VICE-PRESIDENT, Dr Mahamudu Bawumia, has challenged African countries to strive for economic independence.
That, he said, can be achieved when the country weans itself from dependence on aid.
Speaking at the opening ceremony of the African Diaspora Homecoming Conference yesterday, Dr. Bawumia said there should be a more conscious effort between Africans and the diaspora community for development.
He said Africa should look at countries such as Japan and China which have evolved with economic development by combining resources and energies.
He asked those in the diaspora to be the link to key development in Ghana through trade and investment.
According to him, that would turn Ghana into a self-sustaining economy and there is the need to come together with diasporans to achieve that.
“In Africa, we also have to understand that the way we are looked at both in the diaspora and on the continent is very linked and the underlying link is the economic development of Africa, and we have to make sure we combine our resources, our energies to make sure that Africa becomes developed economically and self-dependent…You look at how perceptions in Japan and China have evolved and I think they have also evolved with economic development and you cannot deny that…”
“We have to move beyond aid dependency and that is why when we are looking at how to manage our economies, the issue of building self sustaining independent economies is key for all of us and I think we cannot do it individually. We need to come together.”
He also reminded Africans and people of African descent that the world’s perception of their worth is inextricably tied to their economic well-being.
The former deputy governor of the Central Bank lauded the “stable democracy of Ghana” and challenged Africans both home and abroad to link up and harness their potential in order to fully liberate the African continent.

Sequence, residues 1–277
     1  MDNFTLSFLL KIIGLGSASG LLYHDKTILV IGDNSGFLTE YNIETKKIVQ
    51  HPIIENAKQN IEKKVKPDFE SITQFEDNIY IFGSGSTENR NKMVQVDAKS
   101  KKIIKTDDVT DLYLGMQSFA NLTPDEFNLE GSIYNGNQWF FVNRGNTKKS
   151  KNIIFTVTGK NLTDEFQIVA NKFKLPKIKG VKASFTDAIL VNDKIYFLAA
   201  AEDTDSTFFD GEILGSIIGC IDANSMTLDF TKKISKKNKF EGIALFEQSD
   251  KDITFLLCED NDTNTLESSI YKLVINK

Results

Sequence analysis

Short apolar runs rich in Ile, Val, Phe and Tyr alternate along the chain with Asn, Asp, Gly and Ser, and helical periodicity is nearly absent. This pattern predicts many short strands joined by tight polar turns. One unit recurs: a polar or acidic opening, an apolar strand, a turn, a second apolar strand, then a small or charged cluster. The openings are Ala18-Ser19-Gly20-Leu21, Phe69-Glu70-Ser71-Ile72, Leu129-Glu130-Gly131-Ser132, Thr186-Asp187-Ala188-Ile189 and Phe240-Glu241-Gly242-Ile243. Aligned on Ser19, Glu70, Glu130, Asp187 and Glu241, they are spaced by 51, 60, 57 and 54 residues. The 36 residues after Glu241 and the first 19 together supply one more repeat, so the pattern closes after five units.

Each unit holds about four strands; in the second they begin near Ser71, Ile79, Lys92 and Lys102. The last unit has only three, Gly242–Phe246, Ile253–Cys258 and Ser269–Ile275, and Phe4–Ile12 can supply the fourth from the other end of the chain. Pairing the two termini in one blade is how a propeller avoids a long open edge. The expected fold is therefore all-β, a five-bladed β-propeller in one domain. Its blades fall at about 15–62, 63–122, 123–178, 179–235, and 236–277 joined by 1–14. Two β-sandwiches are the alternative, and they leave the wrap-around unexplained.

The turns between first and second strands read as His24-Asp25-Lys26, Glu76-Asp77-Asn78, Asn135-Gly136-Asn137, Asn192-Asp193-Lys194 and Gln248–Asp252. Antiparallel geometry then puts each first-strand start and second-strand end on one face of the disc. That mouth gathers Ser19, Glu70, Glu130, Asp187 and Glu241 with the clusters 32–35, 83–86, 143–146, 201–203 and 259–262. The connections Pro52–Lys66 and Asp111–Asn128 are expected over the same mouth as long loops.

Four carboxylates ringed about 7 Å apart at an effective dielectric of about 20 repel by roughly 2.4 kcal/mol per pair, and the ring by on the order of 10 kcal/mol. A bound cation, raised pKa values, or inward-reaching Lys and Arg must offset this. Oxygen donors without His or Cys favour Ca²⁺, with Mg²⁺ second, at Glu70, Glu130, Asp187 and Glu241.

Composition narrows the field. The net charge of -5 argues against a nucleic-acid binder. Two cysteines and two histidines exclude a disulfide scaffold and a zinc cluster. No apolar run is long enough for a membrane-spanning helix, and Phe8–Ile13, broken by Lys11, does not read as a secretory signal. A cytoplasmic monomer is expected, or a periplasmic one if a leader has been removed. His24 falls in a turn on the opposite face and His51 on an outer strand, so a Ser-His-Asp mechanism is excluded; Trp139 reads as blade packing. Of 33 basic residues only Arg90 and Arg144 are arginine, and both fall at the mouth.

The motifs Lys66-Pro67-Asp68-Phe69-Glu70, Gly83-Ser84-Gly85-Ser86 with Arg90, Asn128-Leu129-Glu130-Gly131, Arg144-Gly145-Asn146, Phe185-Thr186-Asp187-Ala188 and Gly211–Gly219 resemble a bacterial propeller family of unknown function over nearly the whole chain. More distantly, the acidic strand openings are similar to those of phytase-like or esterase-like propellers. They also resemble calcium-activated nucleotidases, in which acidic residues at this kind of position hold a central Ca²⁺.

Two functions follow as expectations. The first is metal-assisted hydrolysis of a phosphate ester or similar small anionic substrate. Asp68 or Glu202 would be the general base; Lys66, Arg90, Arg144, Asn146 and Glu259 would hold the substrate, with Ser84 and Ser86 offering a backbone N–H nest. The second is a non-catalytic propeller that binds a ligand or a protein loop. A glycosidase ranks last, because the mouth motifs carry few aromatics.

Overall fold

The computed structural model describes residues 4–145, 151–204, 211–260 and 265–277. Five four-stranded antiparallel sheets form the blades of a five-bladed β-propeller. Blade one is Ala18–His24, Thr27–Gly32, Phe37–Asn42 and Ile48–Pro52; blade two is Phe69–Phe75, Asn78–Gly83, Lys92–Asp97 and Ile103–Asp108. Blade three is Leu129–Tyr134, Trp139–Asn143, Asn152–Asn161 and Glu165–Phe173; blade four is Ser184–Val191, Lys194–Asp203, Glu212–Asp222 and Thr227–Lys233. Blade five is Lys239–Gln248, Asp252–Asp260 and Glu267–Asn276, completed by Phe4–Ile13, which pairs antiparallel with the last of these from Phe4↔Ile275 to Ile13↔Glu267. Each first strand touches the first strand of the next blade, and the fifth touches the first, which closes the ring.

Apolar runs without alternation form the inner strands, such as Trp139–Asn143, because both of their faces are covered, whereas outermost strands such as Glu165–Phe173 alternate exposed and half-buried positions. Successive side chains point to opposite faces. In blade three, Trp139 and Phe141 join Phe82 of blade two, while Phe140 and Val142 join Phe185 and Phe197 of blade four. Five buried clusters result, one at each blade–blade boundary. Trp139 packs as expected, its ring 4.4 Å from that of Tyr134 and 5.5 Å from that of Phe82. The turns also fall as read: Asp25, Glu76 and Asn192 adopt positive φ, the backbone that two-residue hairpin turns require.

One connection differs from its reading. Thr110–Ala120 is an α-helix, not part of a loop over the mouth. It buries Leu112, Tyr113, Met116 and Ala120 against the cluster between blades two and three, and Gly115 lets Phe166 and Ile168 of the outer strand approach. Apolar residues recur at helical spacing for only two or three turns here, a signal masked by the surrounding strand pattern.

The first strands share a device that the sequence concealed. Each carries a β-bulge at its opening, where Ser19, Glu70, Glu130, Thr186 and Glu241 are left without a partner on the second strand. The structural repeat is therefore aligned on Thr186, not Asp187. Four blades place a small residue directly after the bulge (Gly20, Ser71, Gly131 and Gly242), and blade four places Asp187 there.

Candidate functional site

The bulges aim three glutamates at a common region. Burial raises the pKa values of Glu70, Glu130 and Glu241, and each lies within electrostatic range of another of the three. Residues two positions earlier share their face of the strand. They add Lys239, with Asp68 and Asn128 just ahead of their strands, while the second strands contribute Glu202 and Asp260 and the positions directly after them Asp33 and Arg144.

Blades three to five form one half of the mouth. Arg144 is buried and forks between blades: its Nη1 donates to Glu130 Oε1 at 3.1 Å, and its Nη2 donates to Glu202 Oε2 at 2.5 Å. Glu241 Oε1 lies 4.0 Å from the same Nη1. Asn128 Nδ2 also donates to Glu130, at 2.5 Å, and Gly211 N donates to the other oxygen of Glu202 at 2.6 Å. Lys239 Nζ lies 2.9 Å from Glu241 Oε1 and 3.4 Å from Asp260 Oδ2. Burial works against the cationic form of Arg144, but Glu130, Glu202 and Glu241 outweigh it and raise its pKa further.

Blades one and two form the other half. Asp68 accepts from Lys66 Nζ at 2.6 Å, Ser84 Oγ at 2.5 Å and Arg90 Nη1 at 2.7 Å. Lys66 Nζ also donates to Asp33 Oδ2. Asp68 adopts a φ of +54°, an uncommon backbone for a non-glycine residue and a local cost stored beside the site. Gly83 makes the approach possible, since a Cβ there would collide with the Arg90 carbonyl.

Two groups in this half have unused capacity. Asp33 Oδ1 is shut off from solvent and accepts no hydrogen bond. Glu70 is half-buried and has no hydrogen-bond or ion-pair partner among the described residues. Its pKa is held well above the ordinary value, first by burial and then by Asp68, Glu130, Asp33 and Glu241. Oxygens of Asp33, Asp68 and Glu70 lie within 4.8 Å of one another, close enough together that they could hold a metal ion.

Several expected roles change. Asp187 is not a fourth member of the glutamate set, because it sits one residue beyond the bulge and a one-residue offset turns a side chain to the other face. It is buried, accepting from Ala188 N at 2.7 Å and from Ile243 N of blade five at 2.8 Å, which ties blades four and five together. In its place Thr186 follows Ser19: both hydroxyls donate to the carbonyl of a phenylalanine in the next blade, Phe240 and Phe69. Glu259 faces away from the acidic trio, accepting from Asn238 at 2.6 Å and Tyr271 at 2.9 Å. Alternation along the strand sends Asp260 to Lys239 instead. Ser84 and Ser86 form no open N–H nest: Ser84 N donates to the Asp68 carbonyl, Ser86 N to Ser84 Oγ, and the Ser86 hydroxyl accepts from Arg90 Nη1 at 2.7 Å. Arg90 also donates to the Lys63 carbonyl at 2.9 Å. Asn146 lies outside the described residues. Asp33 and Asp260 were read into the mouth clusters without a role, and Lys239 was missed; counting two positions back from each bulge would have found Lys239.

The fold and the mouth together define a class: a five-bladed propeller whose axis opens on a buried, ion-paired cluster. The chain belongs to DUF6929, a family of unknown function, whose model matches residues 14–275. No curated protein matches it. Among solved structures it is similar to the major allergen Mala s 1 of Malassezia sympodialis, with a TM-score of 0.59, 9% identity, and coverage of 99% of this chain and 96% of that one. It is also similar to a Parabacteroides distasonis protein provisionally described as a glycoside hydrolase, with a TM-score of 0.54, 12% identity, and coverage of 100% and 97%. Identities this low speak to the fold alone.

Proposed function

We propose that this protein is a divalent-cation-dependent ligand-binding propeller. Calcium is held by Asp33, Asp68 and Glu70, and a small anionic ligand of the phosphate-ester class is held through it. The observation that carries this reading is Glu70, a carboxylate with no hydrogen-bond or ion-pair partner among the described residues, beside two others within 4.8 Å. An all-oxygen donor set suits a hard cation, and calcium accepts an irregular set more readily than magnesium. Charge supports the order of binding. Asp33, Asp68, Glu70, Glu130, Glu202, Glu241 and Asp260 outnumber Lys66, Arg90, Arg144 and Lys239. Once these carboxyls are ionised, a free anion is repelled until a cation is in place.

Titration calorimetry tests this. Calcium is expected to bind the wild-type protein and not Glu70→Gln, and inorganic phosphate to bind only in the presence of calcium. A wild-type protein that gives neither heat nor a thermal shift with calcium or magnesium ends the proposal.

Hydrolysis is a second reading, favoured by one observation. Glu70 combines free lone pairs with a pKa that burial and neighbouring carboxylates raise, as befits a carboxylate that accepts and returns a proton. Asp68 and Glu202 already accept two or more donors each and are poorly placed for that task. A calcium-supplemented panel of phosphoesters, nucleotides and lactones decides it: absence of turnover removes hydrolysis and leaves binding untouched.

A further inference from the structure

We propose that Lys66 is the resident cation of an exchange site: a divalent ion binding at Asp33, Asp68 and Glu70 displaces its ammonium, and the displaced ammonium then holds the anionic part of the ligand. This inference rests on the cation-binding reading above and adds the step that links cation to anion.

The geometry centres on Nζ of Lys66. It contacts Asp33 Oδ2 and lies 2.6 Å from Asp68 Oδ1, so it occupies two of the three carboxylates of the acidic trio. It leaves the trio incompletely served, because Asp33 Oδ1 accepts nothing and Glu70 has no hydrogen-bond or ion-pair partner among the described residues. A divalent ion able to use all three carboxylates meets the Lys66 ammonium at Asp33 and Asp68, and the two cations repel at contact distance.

“We could have done better as far as economic performance is concerned, but what is remarkable is our heritage and culture which is one thing we really have to be grateful for.
“Normally in economics, you tend to ignore the issues of heritage and culture when you do policy, but we ignore that at our peril. No one can compete with you for those in the world since it is a unique commodity to us which we have to hold dearly,” he said.
He said if Ghana is able to tap the human resources, investment and trade resources, science and technology of its links in the diaspora, it can make a lot of strides to make up for the separation during colonialism and slavery.
Dr Bawumia shared his experience of being teased after he wrote a paper ‘Economics of Racism’ of seeing everything in economic spectacles, adding that it was time Africa tie the link that broke its people from it years ago.
He believes the way Africa is looked at, both in the diaspora and on the continent, it was time to take advantage of the combined energies and resources to make sure that Africa develops economically and be self-dependent.
On her part, Minister for Tourism, Culture and Creative Arts, announced plans for an Investment and Culture Forum to strengthen the links between Ghana and the diaspora.
Source: The Finder